Instead of forcing them to complete certain things to correct the gender on their ID, "we should be telling them that if there are parts of you you aren't happy with, you can change them, but you aren't obligated to. You can decide how you want to look."
Not a monolith
According to Hsu Chih-yun (徐志雲), a trained psychiatrist and chairperson of the Taiwan Tongzhi (LGBTQ+) Hotline Association, there are many reasons why transgender people may not wish to undergo gender confirmation surgery, or are unable to do so immediately.
They may have preexisting health conditions that make them unsuitable, or they want to have children in the future, which would be complicated by surgery.
The cost is another factor. Gender confirmation surgery is not covered by Taiwan's National Health Insurance and can range from NT$30,000 to NT$45,000 for transgender women, and NT$150,000 to NT$800,000 for transgender men, Hsu wrote in course materials for government employees in 2020.
Hsu also notes that not all transgender people dislike their reproductive anatomy and the surgery requirement fails to consider those who don't identify as male or female.
Trif, who describes herself as still exploring whether her gender identity more closely aligns with being a woman or non-binary, said in an interview with CNA that she doesn't plan on undergoing surgery because of the cost and her wish to maintain body integrity.
The biggest hurdle she has faced with being unable to change her ID was when applying for a job, said 25-year-old Trif, who works in the tech sector, as companies would misgender her.
She feels that the cost of raising the issue would be too high at her current job, however, and even though she would have legal protection if she faced discrimination after coming out, filing a lawsuit would be a major hassle.
Chen Si (陳思), 36, who began transitioning in 2018, told CNA that she has only begun considering surgery in the past year, but hasn't been able to go ahead as the COVID-19 pandemic complicated her plans to travel abroad for the procedure.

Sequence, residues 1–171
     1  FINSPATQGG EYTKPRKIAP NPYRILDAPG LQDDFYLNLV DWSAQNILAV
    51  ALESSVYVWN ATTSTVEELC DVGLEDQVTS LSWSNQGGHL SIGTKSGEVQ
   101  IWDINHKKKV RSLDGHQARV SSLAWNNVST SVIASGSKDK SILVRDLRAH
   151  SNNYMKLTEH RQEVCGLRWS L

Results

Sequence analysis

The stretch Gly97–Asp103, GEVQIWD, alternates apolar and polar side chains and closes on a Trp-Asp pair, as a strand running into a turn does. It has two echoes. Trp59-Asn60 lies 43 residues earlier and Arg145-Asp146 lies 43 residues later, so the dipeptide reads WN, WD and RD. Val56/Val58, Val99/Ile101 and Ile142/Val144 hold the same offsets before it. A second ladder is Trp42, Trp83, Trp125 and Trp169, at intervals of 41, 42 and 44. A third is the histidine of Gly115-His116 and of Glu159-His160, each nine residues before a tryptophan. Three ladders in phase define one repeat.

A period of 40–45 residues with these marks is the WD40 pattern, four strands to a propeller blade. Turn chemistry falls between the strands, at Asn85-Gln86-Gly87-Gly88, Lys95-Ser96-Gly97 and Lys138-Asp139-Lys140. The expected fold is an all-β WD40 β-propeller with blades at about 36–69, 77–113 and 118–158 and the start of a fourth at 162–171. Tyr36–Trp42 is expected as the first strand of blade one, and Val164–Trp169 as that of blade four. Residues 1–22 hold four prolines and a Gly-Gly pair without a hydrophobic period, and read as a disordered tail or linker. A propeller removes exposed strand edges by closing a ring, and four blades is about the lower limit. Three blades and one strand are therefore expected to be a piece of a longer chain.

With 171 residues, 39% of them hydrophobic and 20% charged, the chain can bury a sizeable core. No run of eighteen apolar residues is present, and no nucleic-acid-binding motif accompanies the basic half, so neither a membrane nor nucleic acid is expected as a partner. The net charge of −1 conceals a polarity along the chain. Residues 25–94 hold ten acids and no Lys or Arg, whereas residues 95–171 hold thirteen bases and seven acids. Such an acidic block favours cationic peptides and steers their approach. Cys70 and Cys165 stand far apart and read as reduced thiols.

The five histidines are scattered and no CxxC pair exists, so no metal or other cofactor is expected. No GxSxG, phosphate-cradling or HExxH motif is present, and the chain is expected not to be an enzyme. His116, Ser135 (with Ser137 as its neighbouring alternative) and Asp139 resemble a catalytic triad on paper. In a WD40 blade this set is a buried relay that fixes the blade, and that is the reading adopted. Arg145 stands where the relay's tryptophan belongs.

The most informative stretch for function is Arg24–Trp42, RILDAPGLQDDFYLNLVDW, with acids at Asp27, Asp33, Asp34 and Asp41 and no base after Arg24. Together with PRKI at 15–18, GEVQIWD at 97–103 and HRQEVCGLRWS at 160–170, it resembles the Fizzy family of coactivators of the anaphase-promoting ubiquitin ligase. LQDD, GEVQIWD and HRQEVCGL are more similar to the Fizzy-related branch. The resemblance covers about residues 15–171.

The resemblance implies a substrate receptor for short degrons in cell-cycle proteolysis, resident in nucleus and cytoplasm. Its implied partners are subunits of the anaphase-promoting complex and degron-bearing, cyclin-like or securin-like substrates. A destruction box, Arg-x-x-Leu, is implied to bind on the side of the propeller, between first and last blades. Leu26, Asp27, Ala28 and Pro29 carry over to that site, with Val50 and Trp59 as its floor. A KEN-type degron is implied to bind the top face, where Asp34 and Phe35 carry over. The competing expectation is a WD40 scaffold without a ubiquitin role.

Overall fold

Even though she has faced difficulties due to the gender on her ID, it isn't a major issue in her current life as a post-graduate student living at home, and the fact her family has been supportive, she said.
Nonetheless, she supports removing the surgery requirement to change one's ID because it would solve issues faced by transgender people in circumstances that differ from hers, she said, such as difficulty in finding a job, renting a place to live, being misgendered in their daily lives, or having to save up exorbitant sums to get surgery they don't even want.
"Transgender people are not a monolith," she stressed, and each individual may face different problems over not being able to change their ID that cause them significant difficulties in their lives.
On Sept. 23, 2021, Taipei High Administrative Court ruled in favor of a transgender woman, who goes by "Xiao E" (小E) in her lawsuit against a Taoyuan Household Registration Office, thereby allowing her to correct the gender on her ID without submitting proof of surgery, the first such case in Taiwan.
The ruling, which took into account Xiao E's medical history, stated that the surgery requirement violates the principles of legal reservation, equality and proportionality, and is not explicitly authorized in any of Taiwan's laws.
It noted that international human rights experts invited to Taiwan to review the country's implementation of United Nations-related human rights conventions have repeatedly urged the removal of the surgery requirement.
Taiwan's Ministry of Health and Welfare also concluded in 2013 that the requirement should be removed, and referred the issue to the Ministry of the Interior, the ruling stated.
However, the government has not taken much action on the issue since then, said Neil Pan (潘天慶), one of the attorneys who represented Xiao E in court, and an executive director at the Taiwan Alliance to Promote Civil Partnership Rights (TAPCR).
An official change to the law may be on the horizon, as judges presiding over a lawsuit filed by Wu Yu-hsuan (吳宇萱), who was also denied a change to her ID because she did not submit proof of surgery, decided to file for a constitutional interpretation on the issue in December last year.
Pan said that he thinks it is likely the Constitutional Court will strike down the surgery requirement, as it clearly violates human rights, but when the ruling will be finalized and how specific the judges will be in laying out new guidelines to change the gender on one's ID is up in the air.
He called on cisgender people, who are the majority in society, to support transgender people in their fight for equal rights, as the support of heterosexual people was crucial in the passing of Taiwan's same-sex marriage law in 2019.
By learning more about transgender issues, people will realize that the fear surrounding transgender people is "groundless", he said.